The Eagle Flies In On Labor Day
To celebrate Labor Day* I started today with a short chore list of things that I wanted to do, instead of the things that have to be done. I glued the soles of my wool slippers which had turned out to be non-washable and had separated in the wash. I cleaned the long neglected side kitchen counter and the waffle iron in anticipation of making delicious waffles. And, I trimmed the dead wood out of my privet privacy hedge.
The day was early and pleasantly quiet when I started trimming the privet, but just as I was finishing, bald eagle** with badly ruffled feathers winged into my backyard with startling air turbulence, chaotic noise, and the scent of large bird about ten feet above me. I ducked and craned my neck up to see if it was after me. It was a female eagle and she scrambled into the large spruce tree overhead, then was very still within its branches. Soon I realized why, a harrying murder of the young adult crows that live on the church grounds across from my house was pursing it. I left them to wage their intra-avian war and went indoors to my next chore. That eagle was a healthy, beautiful, sharp beaked and taloned bird, with a wingspan of over two yards. But the sleek iridescent black crows are uncannily smart and work together very well. I imagine their territorial dispute ended in a draw, with the crows routing the eagle for today, but she will come back whenever she wishes to make a fly through. All in all, it was delightful that the United States of America's national bird made an appearance in my yard today!
I remember long ago when an friend Mary and I drove for hours from Mesa, Arizona down to Eagle Creek at the base of the White Mountain Range in southeastern Arizona to see the bald eagles that fished the river and nested in the cliffs above it. I had known Mary for over a decade yet never knew that she had epilepsy. She has passed now, but on that day she and I were full of life and enthusiasm to see our first eagles. We parked at a watercraft rental office, but all we could see were tiny little specks far across the wide river which were maybe eagles, maybe not. Mary did not swim well so I did not want to rent a boat. We decided to climb the cliff on our side of the river in the hopes of spotting eagle nests on the other side as the nests are massive structures, 4 to 5 feet in diameter and 2 to 4 feet deep.. The trail up was firm, but very narrow and it hugged the cliff in short switch-backs so we could not see very far ahead. I was in the lead, rounding a corner, when my foot bounced in the air, jerked up by my hindbrain that silently screamed, “Snake, it’s a snake!” to my conscious mind. I saw a very small rattlesnake tightly coiled and motionless in the middle of the trail and I whirled around to run down the trail away from it. My friend Mary stood in my way and met me nose-to-nose with wide-eyed interest. “What is it!?!” I said, “Snake, move, run, go...” She hesitated, so I said, “Run, or I’m running through you.” She whirled around and the two of us lumbered, crashing and skittering, down to the base of the trail in moments; where she promptly collapsed and had an epileptic seizure. She lost consciousness for maybe ten minutes but there was no one around to help us. When she came to she was very tired, embarrassed, and somewhat disoriented. I drove us home. We had not seen any eagles, but we did stop into the gift shop for souvenirs before we left. There I saw very small, tightly coiled plastic rattlesnakes for sale. Pranked.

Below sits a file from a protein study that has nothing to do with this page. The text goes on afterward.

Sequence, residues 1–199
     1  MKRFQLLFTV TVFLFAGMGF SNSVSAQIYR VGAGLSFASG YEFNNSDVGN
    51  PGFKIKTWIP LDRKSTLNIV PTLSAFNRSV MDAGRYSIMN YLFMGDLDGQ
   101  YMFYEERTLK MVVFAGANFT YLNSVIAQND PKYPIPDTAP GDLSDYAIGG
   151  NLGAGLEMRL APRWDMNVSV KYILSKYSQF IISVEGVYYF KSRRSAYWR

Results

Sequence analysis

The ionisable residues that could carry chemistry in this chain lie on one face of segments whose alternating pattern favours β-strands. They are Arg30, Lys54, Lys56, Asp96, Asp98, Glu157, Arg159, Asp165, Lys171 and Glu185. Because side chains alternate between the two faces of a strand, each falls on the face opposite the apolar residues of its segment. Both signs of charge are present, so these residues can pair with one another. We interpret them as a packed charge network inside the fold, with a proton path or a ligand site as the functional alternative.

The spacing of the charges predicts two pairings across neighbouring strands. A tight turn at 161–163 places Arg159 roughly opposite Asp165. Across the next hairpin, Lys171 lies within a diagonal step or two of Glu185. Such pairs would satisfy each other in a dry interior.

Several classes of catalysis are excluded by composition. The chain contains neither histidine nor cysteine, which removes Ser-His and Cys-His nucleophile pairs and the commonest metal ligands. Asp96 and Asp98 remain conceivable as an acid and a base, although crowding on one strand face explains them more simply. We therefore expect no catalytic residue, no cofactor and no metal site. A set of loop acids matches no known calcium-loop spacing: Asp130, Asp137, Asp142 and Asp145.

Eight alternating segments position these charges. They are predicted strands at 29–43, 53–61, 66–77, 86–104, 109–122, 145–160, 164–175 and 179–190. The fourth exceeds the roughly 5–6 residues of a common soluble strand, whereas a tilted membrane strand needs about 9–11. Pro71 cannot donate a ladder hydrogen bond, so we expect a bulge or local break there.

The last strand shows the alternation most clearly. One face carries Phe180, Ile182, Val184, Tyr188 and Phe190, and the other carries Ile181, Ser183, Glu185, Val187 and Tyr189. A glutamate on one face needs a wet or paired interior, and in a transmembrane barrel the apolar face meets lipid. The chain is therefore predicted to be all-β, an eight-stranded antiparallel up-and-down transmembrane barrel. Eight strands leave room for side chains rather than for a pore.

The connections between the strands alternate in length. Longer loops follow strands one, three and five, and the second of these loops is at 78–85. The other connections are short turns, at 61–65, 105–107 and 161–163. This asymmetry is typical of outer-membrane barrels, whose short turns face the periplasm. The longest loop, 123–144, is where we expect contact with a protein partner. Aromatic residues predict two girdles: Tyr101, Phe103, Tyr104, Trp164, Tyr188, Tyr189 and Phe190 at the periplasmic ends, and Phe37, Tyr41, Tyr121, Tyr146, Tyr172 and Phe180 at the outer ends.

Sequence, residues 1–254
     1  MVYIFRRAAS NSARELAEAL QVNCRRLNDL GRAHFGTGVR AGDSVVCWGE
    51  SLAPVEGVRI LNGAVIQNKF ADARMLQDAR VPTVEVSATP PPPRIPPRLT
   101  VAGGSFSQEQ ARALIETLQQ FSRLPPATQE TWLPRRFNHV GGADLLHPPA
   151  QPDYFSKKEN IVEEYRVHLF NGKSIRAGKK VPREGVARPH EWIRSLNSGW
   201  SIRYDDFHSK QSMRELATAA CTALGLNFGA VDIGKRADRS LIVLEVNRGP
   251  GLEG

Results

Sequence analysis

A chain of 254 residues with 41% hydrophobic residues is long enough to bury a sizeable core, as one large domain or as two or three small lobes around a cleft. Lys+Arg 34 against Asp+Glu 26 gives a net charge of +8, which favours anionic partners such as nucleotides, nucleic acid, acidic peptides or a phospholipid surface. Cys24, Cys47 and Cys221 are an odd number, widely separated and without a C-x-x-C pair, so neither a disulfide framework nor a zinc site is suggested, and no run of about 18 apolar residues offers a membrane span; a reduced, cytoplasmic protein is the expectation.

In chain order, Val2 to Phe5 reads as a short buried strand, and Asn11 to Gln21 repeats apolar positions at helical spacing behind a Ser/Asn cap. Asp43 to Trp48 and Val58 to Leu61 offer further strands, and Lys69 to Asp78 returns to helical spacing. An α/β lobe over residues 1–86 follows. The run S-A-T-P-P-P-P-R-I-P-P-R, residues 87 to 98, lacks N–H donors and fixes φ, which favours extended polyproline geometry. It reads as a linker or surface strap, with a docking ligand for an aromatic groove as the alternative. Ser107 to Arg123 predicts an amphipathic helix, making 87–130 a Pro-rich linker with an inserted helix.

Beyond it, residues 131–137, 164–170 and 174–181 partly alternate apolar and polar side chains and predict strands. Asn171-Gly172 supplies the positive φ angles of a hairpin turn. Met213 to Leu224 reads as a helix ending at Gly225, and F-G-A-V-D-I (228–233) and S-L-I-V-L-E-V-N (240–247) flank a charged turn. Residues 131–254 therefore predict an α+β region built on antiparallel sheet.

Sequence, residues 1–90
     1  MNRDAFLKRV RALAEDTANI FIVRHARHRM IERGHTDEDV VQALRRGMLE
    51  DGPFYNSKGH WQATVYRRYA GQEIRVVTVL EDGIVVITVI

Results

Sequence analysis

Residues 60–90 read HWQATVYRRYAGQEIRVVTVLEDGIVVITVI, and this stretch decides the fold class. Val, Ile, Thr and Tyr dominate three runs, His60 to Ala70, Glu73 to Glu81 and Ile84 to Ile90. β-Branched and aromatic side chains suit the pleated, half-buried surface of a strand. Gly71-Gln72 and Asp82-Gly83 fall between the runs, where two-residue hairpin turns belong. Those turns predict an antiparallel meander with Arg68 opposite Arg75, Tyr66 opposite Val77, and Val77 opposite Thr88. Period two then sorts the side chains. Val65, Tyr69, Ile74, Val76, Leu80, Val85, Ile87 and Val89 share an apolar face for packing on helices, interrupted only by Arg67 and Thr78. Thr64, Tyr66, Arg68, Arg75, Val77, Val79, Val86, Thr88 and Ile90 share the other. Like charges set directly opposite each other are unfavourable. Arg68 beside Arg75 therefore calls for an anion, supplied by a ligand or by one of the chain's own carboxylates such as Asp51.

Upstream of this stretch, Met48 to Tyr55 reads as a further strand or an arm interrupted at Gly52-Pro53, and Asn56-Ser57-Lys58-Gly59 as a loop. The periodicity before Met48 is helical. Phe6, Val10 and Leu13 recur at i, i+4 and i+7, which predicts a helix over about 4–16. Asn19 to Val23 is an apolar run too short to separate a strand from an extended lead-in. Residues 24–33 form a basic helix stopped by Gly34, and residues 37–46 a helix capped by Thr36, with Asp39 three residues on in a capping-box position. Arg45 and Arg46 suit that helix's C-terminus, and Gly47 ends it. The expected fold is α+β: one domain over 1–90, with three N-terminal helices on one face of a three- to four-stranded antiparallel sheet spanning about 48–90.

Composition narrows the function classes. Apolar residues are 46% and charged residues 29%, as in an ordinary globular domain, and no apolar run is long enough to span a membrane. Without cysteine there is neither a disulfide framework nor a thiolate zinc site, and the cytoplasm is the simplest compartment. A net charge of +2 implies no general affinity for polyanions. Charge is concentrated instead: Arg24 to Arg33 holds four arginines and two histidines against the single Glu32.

Now today, forty years later I got to see an eagle!
The bad news is that the eagle family, three or four of them, drove off the crows, moved in right across the street from my house, and they make it unsafe to let my old cat out on the patio.
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* “Labor Day in the United States is a holiday celebrated on the first Monday in September. It is a celebration of the American labor movement and is dedicated to the social and economic achievements of workers.”
** The bald eagle is no longer on the Endangered Species and Threatened Species List, and now thrives throughout the country.
Caption: North American bald eagle, adult female
Caption: American Eagle Looking At Me Looking At You
(living across the street from my house)
by Annmarie Throckmorton 2018